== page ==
for granted-they simply tell us oral glucose-tolerance test (o.G.T.T.) plasma-sugar curves in terms of the area between the curve and the abscissa. This area is, however, heavily influenced by the portion under the fasting blood-glucose level so that a. small change in that level has a disproportionately large effect on the total area. This is clearly seen in the upper pair of graphs in fig. 1 in their paper-the second O.G.T.T. sugar results look " better " in that they are pitched lower, but the shape of the glucose response curve is identical. In fact, H indices calculated on the basis of figures derived from these graphs give values of 19-7 for the first set of mean values and 18-8 for the second (post-treatment) setboth highly abnormal by our criteria and hardly showing a significant difference. All that has happened after treatment is that the fasting level has fallen-" glucose tolerance " remains much the same. We should point out that in this context the H indices are given simply in an illustrative 1.
strictly speaking H indices cannot be used the means. The result of an oral glucose-tolerance test includes two distinct components: the fasting level and the response to the glucose load. In theory either component can be normal or abnormal in its own right.33 The prognostic significance of the fasting level and of deterioration or improvement in the shape of the response curve should perhaps be considered separately. We do not deny that dieting is probably the first line of attack in mild to moderate maturity-onset diabetes, certainly if significant obesity is present. Dieting is safe and if correctly followed is very effective in " controlling the diabetes. Here we agree with Dr Doar and his colleagues. We disagree, on the data presented in this series, with the conclusion that dieting " improves " glucose tolerance-it lowers the fasting blood-sugar level (and the prognostic significance of this is unknown) but does not in this study appear to alter the response curve-in the terms that we have defined it, glucose tolerance is unchanged. It is, of course, doubtful whether any purely statistical manipulations will indicate which method of assessing O.G.T.T. results is " better " than those of another, although the statistical properties of one index may be more useful than those of another, depending on the context. For evaluation in clinical terms we need a clearly defined goal, to which any given index can be related. Nevertheless, we suspect from the data given that if the authors had calculated incremental indices or H values for their patients, their conclusions might have been different. However, it is only fair to state that many patients with obesity and maturity-onset diabetes in whom we have performed O.G.T.T. before and after successful dieting (in terms of weight loss) do in fact show an improvement in the glucose-response curve, which can deteriorate again if dieting is allowed to lapse.4 Except in a small number of patients with mild diabetes, we have not so far observed such improvement in the H index in patients treated with sulphonylurea drugs. sense, since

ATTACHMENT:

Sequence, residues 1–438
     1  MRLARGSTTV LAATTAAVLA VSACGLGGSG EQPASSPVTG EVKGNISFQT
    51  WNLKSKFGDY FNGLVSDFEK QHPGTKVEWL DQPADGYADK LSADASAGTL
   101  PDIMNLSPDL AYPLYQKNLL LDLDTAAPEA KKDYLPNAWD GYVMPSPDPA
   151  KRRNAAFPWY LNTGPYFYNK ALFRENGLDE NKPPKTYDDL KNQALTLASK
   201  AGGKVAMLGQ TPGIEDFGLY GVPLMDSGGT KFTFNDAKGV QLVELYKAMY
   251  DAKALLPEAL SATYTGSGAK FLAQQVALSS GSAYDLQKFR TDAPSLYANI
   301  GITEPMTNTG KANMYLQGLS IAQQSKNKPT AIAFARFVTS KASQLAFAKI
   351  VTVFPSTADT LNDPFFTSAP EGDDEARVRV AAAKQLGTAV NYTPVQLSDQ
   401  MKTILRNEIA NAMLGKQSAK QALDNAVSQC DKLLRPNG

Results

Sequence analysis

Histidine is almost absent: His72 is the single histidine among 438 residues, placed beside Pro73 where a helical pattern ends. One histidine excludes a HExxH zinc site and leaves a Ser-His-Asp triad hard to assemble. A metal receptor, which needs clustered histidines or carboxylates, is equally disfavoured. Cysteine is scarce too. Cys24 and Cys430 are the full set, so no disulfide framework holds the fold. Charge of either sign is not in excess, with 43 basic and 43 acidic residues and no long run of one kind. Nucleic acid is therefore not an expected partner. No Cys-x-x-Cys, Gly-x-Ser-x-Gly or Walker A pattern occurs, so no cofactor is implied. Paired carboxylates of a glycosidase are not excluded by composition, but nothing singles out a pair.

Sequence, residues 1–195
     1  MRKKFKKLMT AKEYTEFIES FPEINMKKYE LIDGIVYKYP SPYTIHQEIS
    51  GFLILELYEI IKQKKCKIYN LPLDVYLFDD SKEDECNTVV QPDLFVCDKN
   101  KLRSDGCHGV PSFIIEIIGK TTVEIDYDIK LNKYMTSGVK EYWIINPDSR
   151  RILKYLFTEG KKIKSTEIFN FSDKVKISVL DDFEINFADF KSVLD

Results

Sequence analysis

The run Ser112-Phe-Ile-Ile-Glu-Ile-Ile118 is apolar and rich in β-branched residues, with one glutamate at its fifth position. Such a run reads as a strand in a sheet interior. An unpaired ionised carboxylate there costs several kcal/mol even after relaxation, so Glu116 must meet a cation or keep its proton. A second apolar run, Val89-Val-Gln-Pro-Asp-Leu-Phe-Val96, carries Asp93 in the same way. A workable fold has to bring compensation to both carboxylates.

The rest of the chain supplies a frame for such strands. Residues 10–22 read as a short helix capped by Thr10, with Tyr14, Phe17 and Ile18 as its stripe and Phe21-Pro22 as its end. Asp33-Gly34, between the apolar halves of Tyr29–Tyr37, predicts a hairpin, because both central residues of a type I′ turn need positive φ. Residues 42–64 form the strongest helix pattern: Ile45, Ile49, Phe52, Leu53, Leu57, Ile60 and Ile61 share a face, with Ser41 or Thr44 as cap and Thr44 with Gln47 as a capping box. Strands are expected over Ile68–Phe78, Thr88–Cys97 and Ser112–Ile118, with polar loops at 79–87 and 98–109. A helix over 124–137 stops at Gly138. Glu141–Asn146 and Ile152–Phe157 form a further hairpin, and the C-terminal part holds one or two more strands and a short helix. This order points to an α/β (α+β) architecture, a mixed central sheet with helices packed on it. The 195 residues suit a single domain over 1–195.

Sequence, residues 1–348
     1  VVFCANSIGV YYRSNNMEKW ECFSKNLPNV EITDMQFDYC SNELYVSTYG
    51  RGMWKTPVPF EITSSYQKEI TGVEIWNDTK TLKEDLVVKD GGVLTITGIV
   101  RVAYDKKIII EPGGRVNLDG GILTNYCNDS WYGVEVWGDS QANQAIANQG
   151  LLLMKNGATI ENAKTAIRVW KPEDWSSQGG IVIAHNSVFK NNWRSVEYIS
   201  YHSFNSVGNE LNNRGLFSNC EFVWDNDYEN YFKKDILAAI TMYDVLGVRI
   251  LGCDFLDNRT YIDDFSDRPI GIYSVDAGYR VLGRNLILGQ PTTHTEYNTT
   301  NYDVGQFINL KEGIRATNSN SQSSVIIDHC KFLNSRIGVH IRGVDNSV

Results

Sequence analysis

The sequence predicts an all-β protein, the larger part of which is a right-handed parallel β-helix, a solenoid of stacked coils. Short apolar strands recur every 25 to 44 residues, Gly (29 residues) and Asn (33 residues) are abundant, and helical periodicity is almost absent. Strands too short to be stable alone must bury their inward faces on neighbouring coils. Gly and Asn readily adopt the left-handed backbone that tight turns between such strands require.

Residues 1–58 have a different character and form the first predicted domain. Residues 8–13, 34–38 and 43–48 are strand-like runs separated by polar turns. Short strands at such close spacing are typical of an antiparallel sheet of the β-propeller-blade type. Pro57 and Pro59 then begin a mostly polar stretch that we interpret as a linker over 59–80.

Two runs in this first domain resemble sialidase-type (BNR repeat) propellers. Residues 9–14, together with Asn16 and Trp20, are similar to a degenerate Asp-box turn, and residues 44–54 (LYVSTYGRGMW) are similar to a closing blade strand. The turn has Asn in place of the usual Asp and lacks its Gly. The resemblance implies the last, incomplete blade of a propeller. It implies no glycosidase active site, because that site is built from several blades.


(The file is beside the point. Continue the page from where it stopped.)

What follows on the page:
read with great on
Billewicz, W. Z. Clin. Endocr. 1975, 4, 49. Anderson, J. Unpublished. Levitt, B., Cagin, N., Somberg, J., Bounous, H., Mittage, T., Raines, A. J. Pharmac. exp. Ther. 1973, 185, 24. 6. Cagin, N., Somberg, J., Bounous, H., Mittage, T., Raines, A., Levitt, B. Archs int. Pharmacodyn. Thér. 1974, 207, 340. 7. Gillis, R., Raines, A., Sohn, Y., Levitt, B., Standaert, F. J. Pharmac. exp. Ther. 1972, 183, 154. 8. Levitt, B., Raines, A., Roberts, J., Standaert, F. Pharmacologist, 1967, 26, 3. 9. Raines, A., Levitt, B., Standaert, F. Archs int. Pharmacodyn. Thér. 1967, 170, 485. 10. Roberts, J., Levitt, B., Standaert, F. Nature, 1967, 214, 912. 11. Gillis, R., Levitt, B., Raines, A. Pharmacologist, 1969, 11, 244. 12. Levitt, B. ibid. 1969, 11, 217. 13. Standaert, F., Levitt, B., Roberts, J., Raines, A. Eur. J. Pharmac. 1969, 6, 209. 14. Levitt, B., Raines, A., Sohy, Y., Standaert, F., Hirshfeld, J. J. Mt Sinai Hosp. 1970, 37, 227. 15. Cagin, N., Freeman, E., Somberg, J., Mittage, T., Raines, A. Levitt, B. Archs int. Pharmacodyn. Thér. 1974, 207, 162. 3. 4. 5.